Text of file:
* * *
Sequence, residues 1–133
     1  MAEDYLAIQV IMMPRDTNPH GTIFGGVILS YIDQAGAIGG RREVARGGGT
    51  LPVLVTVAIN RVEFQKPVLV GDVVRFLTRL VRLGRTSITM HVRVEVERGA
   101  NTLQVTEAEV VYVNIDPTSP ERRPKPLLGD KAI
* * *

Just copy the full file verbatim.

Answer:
Sequence, residues 1–133
     1  MAEDYLAIQV IMMPRDTNPH GTIFGGVILS YIDQAGAIGG RREVARGGGT
    51  LPVLVTVAIN RVEFQKPVLV GDVVRFLTRL VRLGRTSITM HVRVEVERGA
   101  NTLQVTEAEV VYVNIDPTSP ERRPKPLLGD KAI